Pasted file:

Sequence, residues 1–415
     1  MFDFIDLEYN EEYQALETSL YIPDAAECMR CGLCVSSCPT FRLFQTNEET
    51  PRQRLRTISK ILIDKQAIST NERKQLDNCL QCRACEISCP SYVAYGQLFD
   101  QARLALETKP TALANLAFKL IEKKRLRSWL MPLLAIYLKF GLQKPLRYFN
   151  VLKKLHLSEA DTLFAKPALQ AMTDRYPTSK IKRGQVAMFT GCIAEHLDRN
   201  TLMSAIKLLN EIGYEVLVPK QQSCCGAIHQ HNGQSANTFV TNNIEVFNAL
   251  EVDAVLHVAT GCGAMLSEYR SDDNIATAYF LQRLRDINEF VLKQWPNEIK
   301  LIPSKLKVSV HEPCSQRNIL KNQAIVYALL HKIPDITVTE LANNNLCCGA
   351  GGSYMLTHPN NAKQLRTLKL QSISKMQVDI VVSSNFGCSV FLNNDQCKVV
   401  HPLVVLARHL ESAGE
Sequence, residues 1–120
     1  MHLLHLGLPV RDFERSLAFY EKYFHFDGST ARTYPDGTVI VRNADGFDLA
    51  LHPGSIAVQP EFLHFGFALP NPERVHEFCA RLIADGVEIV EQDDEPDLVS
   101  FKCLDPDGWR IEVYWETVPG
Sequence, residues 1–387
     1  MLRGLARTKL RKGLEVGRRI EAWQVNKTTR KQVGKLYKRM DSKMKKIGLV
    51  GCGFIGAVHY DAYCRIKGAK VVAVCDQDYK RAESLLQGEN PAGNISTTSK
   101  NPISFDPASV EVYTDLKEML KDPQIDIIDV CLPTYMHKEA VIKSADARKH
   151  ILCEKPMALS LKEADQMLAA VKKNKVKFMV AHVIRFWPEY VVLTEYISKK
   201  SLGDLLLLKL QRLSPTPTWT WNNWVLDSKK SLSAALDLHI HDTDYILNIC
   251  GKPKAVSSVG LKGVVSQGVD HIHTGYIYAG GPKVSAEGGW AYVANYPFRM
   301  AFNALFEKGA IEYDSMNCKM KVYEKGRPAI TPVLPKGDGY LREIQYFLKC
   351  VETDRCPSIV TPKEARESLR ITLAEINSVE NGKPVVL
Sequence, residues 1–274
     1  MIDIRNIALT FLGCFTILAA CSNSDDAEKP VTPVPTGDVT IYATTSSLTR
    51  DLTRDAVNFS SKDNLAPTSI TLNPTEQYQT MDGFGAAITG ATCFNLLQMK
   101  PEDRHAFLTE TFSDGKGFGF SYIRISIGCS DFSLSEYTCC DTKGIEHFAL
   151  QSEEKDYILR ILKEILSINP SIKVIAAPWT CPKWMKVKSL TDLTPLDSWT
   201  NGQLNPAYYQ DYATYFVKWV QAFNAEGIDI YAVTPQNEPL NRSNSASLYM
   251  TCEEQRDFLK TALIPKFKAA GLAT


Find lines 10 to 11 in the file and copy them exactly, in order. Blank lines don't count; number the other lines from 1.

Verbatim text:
   401  HPLVVLARHL ESAGE
Sequence, residues 1–120